ExTV Presents: I Found It Like That from ExTV on Vimeo.

ExTV Presents: I Found It Like That

For November, ExTV’s monthly web program is I Found It Like That, a collection of video art based on found footage, a filmmaking technique based on appropriating video typically for the use of collage video art, mockumentaries, and documentaries. This month’s featured artists are shown as listed:
“Willoveverbeven?” – Camille Laut
Based on still images found in mainstream movies, and google imagery of ‘couples’, this video made of gifs, glitched through the transfer on the editing timeline. Willoveverbeven? evokes the clichés and limits of cinematic love imagery. (@0:06)

“Fall” – Euree Kim
Depression comes out from blurry, obscure shape and turns into clear images and feeling of falling like sinking to bottom. Before falling, the one stands and sees an abyss for a while. The mind wavers between the fear of actual falling and sickening with depression. Inspired by Sarah Charlesworth’s Still series, Fall seeks to contemplate on how individual’s tragedy becomes social through media and how the recipients are affected by the representation. Originally intended to be installed as vertical video projection in life-size. (@1:09)

“SuperSaver” – Maya Gendusa

“Un-” – Jeff Austin
A short, slow-motion film documenting the collapse of seven precariously balancing sculptures, each comprising found materials and limestone from The Burren, Co. Clare, Ireland. Filmed at the Burren College of Art. Music by Connan Mockasin. (@8:37)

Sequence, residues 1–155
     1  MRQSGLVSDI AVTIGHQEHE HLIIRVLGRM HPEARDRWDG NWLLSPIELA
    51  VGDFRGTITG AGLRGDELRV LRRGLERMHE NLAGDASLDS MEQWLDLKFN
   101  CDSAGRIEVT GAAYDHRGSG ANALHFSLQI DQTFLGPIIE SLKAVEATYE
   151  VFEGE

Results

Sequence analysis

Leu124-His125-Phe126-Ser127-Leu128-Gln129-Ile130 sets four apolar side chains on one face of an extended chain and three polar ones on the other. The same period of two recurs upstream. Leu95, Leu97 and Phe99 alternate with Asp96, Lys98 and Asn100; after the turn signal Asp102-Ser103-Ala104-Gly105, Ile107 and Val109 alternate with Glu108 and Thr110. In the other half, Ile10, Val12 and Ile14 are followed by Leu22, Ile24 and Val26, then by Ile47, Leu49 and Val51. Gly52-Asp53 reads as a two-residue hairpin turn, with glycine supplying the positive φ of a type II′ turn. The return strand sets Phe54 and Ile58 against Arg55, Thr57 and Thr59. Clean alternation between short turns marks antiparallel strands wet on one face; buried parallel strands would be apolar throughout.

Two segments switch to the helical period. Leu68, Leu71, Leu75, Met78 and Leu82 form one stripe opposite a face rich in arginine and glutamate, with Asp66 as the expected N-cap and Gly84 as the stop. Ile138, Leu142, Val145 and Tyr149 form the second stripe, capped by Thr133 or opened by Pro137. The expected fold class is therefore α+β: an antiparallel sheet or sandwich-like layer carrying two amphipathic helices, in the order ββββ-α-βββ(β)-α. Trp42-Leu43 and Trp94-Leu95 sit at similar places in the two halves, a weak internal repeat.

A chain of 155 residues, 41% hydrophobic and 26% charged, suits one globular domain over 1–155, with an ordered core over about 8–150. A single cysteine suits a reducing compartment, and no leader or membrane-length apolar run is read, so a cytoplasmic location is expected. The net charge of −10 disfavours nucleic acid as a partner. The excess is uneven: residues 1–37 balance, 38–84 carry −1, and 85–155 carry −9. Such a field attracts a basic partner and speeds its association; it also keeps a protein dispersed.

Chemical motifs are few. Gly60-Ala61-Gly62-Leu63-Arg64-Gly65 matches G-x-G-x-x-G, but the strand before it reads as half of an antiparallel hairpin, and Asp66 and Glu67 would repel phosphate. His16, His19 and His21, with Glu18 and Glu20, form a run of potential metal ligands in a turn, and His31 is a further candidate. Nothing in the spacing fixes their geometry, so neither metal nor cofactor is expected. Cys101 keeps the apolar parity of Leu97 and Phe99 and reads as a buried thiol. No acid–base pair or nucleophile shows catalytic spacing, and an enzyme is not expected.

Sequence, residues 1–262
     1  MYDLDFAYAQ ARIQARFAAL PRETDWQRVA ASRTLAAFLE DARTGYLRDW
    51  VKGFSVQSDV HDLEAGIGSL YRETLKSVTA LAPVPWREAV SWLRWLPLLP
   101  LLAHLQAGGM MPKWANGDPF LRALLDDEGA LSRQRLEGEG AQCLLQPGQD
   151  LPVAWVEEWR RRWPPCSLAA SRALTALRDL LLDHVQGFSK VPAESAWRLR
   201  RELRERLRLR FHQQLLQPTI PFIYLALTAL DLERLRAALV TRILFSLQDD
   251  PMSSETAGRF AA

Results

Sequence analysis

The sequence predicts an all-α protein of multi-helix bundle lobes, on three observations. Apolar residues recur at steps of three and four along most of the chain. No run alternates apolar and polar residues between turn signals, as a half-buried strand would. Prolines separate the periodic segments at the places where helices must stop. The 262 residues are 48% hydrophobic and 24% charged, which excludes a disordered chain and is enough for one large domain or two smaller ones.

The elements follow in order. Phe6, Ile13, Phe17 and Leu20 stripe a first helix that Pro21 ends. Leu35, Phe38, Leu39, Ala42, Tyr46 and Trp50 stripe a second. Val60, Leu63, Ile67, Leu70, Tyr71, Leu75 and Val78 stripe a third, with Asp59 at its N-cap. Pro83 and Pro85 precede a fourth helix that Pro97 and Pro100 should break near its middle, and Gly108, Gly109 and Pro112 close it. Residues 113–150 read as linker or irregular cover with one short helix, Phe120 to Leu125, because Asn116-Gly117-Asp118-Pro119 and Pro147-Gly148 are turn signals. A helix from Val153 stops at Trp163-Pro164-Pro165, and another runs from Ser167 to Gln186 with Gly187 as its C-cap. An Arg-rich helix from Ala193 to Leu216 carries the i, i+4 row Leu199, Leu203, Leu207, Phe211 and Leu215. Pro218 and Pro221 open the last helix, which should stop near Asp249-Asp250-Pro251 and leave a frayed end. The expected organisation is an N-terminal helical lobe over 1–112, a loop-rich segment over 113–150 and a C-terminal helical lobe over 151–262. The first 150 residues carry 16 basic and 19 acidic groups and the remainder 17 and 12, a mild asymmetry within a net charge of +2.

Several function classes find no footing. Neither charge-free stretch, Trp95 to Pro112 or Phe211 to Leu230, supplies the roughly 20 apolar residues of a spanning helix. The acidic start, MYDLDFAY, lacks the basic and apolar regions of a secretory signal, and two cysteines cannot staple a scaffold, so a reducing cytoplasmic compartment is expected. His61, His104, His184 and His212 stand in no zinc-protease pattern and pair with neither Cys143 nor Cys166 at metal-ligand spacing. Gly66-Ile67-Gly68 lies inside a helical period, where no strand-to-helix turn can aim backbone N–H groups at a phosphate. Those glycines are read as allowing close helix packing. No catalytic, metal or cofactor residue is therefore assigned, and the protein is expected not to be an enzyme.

“Unbelievable: Teens Hang Out at Malls!” – Ava Threlkel
“UNBELIEVABLE: Teens Hang Out at Malls!” is a found footage documentary comprised of YouTube-ripped TV tabloid interviews, Utah tourism clips, and a city branding development seminar, exploring intersections of iconography and commerce.

1980’s American teen idol Tiffany visited the Ogden City Mall, a mall in downtown Ogden, Utah, during her US tour “The Beautiful You: Celebrating the Good Life of Shopping Mall Tour ‘87.” The Ogden City Center features in the opening shot of her music video, “I Think We’re Alone Now.” Tiffany Renee Darwish was 15 years old during the ‘87 mall tour. As a 20-year-old woman, she was attempting radical shifts to move her public image away from her teeny-bopper past. By the 90’s, the Ogden City Mall’s popularity dwindled. The building was demolished in 2002.

In an effort to stimulate interest in downtown Ogden for tourists and locals alike, various attractions have been built on and near the former site of the Ogden City Mall. Both Tiffany and Ogden city development make attempts to break away from preconceived notions of their identities, attaining a perpetual state of demolition and reconstruction. The ethos of the Dead Malls Project (deadmalls.com), an online community documenting the existences of American shopping malls, is the keystone of this video.

The impact of time and competition on these establishments is pursued while comparing Tiffany’s career as an American female pop performer and the future of Ogden. (@16:54)